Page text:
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Scovill Manufacturing Company, United States, subject
Digital Object
Baker Library, Harvard Business School, Historical Collections; Mss: 1412 :59 S432
Creation Date
ca. 1935
25 x 33 cm.
still image

Baker Library, Harvard Business School, Historical Collections: These images may not be reproduced or transmitted in any form or by any means, electronic or mechanical, without permission in writing from the Historical Collections Department, Baker Library, Harvard Business School. Appointment necessary to consult collection.
Materials Type
gelatin silver process
workers ;  men ;  metalwork

One of a series of 11 photographs depicting the activities of the Scovill Manufacturing Company.

Provenance: Received on July 23, 1935 from the Scovill Manufacturing Company.

Inscription: On verso of image: "This man is a craftsman. More specifically a burnisher. Hand burnishing is a craft, the knowledge of which was handed down from father to son. The equipment, tools and technique of the operation have remained practically unchanged since Scovill first introduced the process to this country about 1820. ; Dated May 17, 1814, a letter still in our files documents the trial of this early American button manufacturer. It recites the failure of a Scovill emissary to England to procure skilled button burnisher--the emissary's narrow escape from arrest for trying to pursuade a burnisher to emigrate to Waterbury. Still stinging from the events of 1775-1882 (sic), Britain legislated strict bans on exportation of industrial talent across the Strait, hoping in this manner to retain her profitable export trade with the thirteen ex-colonies. ; Burnishing is still used by Scovill on a few special jobs."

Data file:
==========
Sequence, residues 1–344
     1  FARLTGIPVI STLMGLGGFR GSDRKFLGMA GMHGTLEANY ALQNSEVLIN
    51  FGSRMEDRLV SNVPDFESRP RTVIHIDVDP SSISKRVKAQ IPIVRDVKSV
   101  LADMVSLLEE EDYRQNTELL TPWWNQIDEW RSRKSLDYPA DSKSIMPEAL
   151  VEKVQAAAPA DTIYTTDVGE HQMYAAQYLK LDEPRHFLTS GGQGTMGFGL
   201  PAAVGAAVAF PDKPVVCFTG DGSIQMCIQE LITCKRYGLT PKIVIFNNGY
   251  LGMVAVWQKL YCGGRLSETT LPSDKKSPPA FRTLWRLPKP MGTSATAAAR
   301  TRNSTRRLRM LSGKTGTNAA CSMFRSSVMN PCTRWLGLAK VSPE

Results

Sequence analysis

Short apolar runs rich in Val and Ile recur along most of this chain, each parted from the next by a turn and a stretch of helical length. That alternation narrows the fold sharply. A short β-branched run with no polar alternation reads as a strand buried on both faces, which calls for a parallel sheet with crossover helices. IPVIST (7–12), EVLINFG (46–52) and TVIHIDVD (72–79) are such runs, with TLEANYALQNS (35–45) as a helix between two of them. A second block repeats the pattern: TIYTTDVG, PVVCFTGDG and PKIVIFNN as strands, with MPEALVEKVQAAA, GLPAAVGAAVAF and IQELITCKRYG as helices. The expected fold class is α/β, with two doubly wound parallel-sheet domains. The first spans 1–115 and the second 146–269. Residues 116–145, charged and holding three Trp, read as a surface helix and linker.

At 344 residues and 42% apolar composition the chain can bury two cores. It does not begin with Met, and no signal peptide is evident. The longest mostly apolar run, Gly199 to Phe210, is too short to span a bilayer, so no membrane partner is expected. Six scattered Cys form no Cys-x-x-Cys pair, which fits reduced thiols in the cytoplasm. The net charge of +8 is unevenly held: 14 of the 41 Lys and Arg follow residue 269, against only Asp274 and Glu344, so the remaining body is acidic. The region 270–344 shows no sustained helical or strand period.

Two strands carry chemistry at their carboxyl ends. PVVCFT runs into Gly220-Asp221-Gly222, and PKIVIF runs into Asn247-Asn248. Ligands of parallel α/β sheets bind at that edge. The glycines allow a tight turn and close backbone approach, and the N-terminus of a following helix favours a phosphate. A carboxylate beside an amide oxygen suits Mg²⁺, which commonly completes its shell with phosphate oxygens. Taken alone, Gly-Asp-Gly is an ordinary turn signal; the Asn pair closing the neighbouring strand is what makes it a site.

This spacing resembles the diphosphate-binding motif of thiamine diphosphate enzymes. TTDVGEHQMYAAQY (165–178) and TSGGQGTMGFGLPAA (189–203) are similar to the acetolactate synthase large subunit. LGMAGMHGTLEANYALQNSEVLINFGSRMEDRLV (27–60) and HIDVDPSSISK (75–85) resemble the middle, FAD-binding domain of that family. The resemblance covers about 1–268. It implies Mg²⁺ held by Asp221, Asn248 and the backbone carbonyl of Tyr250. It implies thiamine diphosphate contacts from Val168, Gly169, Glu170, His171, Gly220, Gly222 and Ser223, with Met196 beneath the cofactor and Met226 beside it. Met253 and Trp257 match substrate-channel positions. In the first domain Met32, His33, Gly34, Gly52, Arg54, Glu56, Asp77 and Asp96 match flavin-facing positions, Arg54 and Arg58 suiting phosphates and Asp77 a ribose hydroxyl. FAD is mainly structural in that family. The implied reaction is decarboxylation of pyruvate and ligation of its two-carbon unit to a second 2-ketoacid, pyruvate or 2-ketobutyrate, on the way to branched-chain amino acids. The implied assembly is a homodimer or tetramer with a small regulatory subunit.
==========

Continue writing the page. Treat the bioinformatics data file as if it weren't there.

Related Item
part of  Industrial Life Photograph Collection